Gatsby: The False Prophet of the American Dream

Gatsby: The False prophet of the American Dream The American dream, or myth, is an ever recurring theme in American literature, dating back to some of the earliest colonial writings. Briefly defined it is the belief, that every man, whatever his origins, may pursue and attain his chosen goals, be they political, monetary, or social. It is the literary expression of the concept of America: the land of opportunity. F. Scott Fitzgerald has come to be associated with the concept of the American dream more so than any other writer of the country.
In fact, the American dream has been for Fitzgerald what the theme of the separate peace has been for Earnest Hemingway – the focal point or building block for much, if not all, of his work. However, Fitzgerald’s unique expression of the American dream lacks the optimism, the sense of fulfilment, so evident in the expressions of his predecessors. Cast in the framework of the metaphor, the aforementioned exponents of the American dream were Old Testament prophets predicting the coming of the golden age, complete with a messiah who was to be epitome of the word “American. ” Gatsby is Fitzgerald’s answer.
To Fitzgerald the long prophesied American dream had its fulfillment in the “orgiastic” post World War I period was known as “The Roaring Twenties. ” He was the self-appointed spokesman for the “Jazz Age”, the term he takes credit for coining, and he gave it its arch-high priest and prophet, Jay Gatsby, in his novel The Great Gatsby. Gatsby is aptly suited for the role of arch-high priest because he is the persona and chief practitioner of the hedonism that marked this period. He is also its unwritting prophet, for his failure and destruction serve as a portent for the passing away of an era.

The suggestion that The Great Gatsby may contain religious implications is not a new idea. Bernard Tanner sees it as a “Jazz Parody”, “The Gospel of Gatsby”. Gatsby is characterized as an “inverted Christ” in this drama, and the rest of the dramatis personae are neatly fitted in, perhaps too neatly, to this allegorical framework. To wit: Nick Carraway is Nicodemus, the Pharisee; Dan Cody is St. John the Baptist with his femme fatale , Salome, in the guise of Ella Kaye; and Meyer Wolfsheim is St. Peter complete with three denials.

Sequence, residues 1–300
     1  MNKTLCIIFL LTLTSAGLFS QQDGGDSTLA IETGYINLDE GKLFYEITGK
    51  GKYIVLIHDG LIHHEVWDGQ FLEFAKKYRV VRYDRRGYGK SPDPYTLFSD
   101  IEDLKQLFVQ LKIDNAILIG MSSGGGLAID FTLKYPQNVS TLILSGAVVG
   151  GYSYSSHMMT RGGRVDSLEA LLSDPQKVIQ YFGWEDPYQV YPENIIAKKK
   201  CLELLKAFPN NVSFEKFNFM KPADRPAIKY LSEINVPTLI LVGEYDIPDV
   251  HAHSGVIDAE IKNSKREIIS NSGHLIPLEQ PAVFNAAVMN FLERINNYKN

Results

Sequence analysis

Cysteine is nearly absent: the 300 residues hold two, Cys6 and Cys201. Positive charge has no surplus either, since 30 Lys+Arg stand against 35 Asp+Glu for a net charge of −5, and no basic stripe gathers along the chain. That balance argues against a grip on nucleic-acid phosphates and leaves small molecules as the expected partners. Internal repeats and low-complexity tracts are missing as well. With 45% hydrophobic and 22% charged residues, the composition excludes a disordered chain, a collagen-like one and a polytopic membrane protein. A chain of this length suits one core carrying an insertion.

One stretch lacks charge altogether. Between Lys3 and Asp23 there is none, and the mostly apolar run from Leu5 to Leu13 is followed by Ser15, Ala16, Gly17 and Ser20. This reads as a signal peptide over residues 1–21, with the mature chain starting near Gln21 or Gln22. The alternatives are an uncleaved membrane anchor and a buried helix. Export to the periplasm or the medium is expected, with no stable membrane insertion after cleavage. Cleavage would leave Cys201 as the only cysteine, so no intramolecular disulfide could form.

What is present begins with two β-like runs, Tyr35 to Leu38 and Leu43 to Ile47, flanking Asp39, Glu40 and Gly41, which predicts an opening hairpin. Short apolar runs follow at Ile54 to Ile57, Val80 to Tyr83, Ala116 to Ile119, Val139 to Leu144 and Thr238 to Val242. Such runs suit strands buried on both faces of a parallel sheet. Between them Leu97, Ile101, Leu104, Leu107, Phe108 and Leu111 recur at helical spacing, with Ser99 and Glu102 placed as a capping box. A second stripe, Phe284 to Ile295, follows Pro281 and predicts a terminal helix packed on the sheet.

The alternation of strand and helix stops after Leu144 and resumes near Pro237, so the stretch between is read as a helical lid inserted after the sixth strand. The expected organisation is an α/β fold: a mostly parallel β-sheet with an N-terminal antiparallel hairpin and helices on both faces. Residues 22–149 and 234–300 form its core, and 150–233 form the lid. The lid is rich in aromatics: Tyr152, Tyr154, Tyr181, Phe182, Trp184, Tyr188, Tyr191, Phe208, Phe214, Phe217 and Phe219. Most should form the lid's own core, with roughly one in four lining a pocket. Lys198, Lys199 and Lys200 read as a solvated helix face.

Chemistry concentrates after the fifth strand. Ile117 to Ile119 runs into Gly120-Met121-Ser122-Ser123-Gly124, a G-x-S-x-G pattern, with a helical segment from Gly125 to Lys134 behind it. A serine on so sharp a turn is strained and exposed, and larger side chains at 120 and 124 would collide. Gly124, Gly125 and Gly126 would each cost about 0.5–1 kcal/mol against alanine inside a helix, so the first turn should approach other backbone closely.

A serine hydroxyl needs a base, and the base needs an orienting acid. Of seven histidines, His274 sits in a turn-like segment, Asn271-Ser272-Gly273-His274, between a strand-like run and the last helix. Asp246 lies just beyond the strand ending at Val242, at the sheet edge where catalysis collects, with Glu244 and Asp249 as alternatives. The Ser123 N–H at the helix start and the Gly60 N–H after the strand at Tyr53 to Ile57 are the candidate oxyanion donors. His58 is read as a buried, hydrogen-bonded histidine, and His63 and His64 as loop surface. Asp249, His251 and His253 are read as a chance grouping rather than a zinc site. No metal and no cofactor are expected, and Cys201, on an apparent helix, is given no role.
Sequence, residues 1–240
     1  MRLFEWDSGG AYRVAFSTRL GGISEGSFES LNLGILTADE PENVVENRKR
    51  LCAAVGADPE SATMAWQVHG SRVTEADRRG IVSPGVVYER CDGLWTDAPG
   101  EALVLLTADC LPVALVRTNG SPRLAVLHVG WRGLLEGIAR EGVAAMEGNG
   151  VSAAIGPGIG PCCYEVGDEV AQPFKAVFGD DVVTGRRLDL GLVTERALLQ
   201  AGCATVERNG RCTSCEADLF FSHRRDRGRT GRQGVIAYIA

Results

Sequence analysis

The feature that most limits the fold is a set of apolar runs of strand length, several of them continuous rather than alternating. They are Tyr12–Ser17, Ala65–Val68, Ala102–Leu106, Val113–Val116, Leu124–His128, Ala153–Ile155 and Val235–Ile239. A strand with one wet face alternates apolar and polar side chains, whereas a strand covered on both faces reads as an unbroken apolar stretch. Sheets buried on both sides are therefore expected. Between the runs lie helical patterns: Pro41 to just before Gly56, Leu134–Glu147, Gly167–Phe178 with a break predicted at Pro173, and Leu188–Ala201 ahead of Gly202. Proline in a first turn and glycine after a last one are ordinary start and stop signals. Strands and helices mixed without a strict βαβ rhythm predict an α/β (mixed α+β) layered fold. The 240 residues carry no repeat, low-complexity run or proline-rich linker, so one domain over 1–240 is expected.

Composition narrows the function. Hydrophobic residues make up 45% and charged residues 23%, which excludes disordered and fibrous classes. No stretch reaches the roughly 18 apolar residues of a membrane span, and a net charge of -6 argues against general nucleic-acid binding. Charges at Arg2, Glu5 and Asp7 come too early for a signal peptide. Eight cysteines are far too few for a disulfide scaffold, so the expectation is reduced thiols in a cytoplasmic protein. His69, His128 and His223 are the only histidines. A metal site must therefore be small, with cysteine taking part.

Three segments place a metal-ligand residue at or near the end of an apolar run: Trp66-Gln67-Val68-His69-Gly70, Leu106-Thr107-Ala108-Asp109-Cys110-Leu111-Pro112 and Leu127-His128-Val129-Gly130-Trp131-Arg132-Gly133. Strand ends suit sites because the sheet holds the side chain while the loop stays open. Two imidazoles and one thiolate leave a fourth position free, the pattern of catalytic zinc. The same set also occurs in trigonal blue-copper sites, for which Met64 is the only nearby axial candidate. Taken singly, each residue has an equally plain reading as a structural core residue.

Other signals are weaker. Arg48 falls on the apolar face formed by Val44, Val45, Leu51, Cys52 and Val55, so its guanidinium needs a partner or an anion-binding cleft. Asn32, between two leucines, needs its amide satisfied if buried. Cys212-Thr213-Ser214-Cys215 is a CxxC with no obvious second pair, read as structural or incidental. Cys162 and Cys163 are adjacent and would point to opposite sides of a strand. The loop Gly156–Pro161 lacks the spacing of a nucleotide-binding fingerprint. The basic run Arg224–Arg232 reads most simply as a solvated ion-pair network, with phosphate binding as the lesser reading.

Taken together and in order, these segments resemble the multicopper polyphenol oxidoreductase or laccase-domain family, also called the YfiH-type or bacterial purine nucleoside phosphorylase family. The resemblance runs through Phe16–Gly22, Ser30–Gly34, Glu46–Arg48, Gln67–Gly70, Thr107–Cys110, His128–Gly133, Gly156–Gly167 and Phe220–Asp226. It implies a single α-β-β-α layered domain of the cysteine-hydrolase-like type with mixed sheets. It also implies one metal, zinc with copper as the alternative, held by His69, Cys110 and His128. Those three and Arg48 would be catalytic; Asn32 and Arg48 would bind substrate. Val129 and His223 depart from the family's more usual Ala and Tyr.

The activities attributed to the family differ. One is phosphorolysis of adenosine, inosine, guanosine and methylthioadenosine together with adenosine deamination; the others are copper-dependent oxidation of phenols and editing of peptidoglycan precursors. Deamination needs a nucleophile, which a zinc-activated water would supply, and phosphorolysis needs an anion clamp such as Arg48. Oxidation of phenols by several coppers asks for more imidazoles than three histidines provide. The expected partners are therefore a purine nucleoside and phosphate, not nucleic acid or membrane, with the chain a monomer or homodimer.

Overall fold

These characters, plus others, act out their parts in the gospel, carrying out such events as the marriage feast at Cana, various parables, Judas’ betrayal, and Christ’s crucifixion. A. E. Dyson maintains, that Dr. T. J. Eckleburg “is the only religious reference” in this novel. Roger L. Pearson doesn’t agree with these two interpretations. He believes that Fitzgerlad is much like Hemingway in his symbolic technique in The Great Gatsby, in that he projects a series of variations in his imagery so as to achieve a cumulative effect.
Fitzgerald becomes at times orthodox and formulistic to a degree in this novel. However, he achieves a totality of expression by introducing motifs that give the reader a slightly differing perspective of Gatsby, while always moving in a specific direction. Hence, Gatsby is no shallow stereotype. Instead, he has depth and complexity. There is a religious design in The Great Gatsby, and it has its basis in Jay Gatsby himself. Nick Carraway, the narrator and interpreter of the novel, describes Gatsby thus: The truth was that Jay Gatsby of West Egg, Long Island, sprang from his Platonic conception of himself.
He was a son of God-a phrase which, if it means anything, means just that-and he must be about His Father’s business, the service of a vast, vulgar, and meretricious beauty. It should be noted that Gatsby is “a son of God,” the God of material love-Mammon. Rather than an “inverted Christ” or God, Gatsby is a perverted God; one who is dedicated to the physical rather than the spiritual world. Gatsby has come to espouse the gospel of the corrupted American dream. His existence is founded on a lie, a delusion, and he terms this monstrous lie “God’s truth” in relating to Nick his past.
It is evident, even to Nick, that Gatsby is a self-deluded fraud living in a world of shams. His lie especially reflects his materialism. He is Mammon resurrected by the hedonism of the 1920s. Fitzgerald introduces a supporting image for the Mammonism of Gatsby in the description of his house which serves, among other things, as the temple of his Philistinism. The description about Gatsby’s home has overtones of Babel with its tower when viewed in the content that it is inhabited by people “who never knew each other’s name. The beauty of this image of Gatsby’s house is that it is a dual one. It seems that Fitzgerald has created a twentieth-century replica-“a factual imitation”-of Milton’s Pandemonium. The image is further solidified in that Mammon was its chief architect and builder. The lights that decorate the mansion, the expensiveness of its appointments, the opulence of its library, all contribute to this image. Fitzgerald appears deliberately to contribute to the God-like image of Gatsby by withholding him from the novel, while surrounding him with an aura of myth.